Smart, connected farms could assist agricultural hazard management

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On June 13, 2022

Photo of drone hovering over a farm field in Iowa with six researchers standing in the background.

Missouri S&T is using drones in its collaborative research to help farm communities better communicate agricultural hazards such as pests, weeds and crop diseases. L-R: S&T postdoctoral researcher Ashish Gupta; Asheesh Singh, Iowa State University; Corinne Valdovia and Michelle Segovia, University of Missouri-Columbia; S&T Ph.D. student Kevin Menke and his advisor, Sajal Das. Photo provided by Das.

Farming communities face many threats to their livelihood – pest migration, disease spore dispersal, adverse weather and weed spread to name a few. Researchers at Missouri S&T are developing infrastructure for smart and connected farms to improve timely data sharing so that communities can better respond to production threats that expand beyond individual farm boundaries.

“Many farms have cameras and sensors on the ground to monitor hazards, but they don’t have the capability to transmit data very far because broadband access is limited,” says Dr. Sajal Das, the Daniel St. Clair Endowed Chair in computer science at Missouri S&T. “We’re developing a communication infrastructure using drones and Wi-Fi-enabled farm machinery to monitor large areas of land and improve real-time data collection.”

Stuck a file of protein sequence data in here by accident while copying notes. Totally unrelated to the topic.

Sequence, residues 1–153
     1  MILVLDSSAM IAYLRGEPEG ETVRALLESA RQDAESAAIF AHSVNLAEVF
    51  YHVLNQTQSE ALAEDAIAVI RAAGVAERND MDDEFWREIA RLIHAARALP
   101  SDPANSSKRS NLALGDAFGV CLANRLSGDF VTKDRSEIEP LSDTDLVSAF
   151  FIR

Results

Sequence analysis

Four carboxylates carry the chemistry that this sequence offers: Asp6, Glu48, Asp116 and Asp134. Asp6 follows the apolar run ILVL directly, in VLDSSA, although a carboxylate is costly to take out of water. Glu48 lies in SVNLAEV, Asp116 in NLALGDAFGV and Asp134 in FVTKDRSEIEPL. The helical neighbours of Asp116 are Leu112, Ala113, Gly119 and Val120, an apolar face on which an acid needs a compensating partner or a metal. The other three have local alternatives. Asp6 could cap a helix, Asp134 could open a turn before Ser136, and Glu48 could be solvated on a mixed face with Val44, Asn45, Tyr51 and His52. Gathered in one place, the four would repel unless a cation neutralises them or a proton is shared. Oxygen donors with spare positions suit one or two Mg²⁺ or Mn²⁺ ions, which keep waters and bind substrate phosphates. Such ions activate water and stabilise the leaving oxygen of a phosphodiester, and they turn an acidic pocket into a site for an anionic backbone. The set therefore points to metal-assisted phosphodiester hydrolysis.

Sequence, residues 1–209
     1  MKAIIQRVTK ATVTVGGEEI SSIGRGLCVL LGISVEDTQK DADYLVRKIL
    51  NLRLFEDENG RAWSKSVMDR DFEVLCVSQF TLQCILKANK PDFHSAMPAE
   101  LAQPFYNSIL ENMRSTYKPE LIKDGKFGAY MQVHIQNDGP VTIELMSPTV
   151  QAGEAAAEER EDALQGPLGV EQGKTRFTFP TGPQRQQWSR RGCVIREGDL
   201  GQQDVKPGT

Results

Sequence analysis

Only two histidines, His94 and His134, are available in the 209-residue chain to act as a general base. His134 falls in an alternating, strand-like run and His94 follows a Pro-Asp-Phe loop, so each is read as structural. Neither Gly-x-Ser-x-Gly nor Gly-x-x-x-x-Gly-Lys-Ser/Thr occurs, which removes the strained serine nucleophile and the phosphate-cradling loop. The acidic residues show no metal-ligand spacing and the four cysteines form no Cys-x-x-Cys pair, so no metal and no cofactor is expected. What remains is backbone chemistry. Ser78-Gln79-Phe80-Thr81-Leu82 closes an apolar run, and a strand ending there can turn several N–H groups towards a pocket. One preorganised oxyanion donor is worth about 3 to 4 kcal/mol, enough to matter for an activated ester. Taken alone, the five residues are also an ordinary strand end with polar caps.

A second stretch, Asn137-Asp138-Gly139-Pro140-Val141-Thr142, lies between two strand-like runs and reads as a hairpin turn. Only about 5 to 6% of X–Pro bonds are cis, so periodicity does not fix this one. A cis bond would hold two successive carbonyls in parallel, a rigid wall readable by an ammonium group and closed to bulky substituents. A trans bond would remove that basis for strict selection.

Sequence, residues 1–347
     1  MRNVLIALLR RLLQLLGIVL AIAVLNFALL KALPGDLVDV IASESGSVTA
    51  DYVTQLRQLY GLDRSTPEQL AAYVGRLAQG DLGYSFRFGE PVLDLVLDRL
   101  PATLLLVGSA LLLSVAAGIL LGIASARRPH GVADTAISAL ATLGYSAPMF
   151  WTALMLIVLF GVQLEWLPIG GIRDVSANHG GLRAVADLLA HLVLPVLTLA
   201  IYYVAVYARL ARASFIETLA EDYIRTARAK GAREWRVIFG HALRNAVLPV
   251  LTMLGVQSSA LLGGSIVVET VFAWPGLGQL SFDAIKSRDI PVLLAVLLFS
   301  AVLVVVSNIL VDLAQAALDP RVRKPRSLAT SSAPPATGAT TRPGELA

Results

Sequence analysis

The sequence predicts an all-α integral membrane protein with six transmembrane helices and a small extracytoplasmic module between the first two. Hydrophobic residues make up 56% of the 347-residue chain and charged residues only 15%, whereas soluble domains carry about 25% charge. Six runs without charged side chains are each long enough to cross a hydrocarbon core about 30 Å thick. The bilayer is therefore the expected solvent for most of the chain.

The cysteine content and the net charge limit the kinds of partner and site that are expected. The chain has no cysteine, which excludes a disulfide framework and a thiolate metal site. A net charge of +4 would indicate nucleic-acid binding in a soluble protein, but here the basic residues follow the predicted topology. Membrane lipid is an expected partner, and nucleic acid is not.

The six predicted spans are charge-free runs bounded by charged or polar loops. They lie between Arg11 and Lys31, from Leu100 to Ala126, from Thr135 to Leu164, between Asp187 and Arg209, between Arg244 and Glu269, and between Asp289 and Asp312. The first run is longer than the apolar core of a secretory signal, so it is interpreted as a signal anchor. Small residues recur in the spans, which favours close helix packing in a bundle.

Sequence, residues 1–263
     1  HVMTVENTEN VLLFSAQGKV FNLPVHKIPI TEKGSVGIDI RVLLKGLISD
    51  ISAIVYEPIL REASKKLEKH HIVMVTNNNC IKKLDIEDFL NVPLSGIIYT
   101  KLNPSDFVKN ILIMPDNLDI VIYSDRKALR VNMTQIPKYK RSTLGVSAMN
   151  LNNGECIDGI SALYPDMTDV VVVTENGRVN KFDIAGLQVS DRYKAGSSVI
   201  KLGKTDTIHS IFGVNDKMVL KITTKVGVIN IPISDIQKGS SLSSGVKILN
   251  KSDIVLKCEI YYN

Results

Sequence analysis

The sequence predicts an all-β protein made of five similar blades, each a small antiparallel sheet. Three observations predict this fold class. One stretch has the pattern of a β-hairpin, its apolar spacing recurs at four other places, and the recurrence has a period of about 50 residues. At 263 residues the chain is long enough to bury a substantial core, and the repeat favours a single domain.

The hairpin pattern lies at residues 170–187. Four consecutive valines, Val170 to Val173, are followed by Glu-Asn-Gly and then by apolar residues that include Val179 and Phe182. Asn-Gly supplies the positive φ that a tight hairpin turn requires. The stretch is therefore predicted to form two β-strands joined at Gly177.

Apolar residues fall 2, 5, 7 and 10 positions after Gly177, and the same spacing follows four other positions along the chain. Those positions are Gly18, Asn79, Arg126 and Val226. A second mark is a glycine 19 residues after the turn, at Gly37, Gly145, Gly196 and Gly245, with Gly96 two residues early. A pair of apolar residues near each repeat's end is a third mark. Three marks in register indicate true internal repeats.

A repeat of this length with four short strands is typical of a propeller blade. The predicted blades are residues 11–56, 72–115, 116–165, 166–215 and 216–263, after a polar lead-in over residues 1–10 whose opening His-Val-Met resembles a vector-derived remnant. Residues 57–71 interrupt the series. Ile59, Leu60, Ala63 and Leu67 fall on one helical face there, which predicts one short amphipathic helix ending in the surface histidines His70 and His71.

In addition, the network can monitor water, pesticide and fertilizer needs, saving farmers time and money by informing them which sections of land need additional irrigation, suffer from pests or require fertilizer so that they don’t treat entire fields unnecessarily.

The network uses multiband dynamic spectrum access, which means there are many wireless radio frequencies to choose from. Das says rural areas have a lot of unlicensed bands that could be tapped at nearly zero cost, but there are challenges.

“Licensed frequency bands, such as those used for radio, TV or cell phones, are reliable and offer better performance than unlicensed frequency bands,” says Das. “Unlicensed frequencies are low cost and easy to deploy, but interference is common.”

Das says the research area covers 50 square miles of agricultural land in Iowa and includes 10 corn and soybean farms. While the geographical area is relatively small, Das says the data-sharing infrastructure being developed is scalable and can be replicated in other agricultural areas. It also incorporates machine learning and data analytics to preserve users’ privacy.

Missouri S&T is partnering in the four-year project with researchers at Iowa State University, the University of Kentucky and the University of Missouri-Columbia. The work is supported by a $1.5 million grant from the National Science Foundation.

About Missouri University of Science and Technology

Missouri University of Science and Technology (Missouri S&T) is a STEM-focused research university of over 7,200 students. Part of the four-campus University of Missouri System and located in Rolla, Missouri, Missouri S&T offers 101 degrees in 40 areas of study and is among the nation’s top 10 universities for return on investment, according to Business Insider. S&T also is home to the Kummer Institute, made possible by a $300 million gift from Fred and June Kummer. For more information about Missouri S&T, visit

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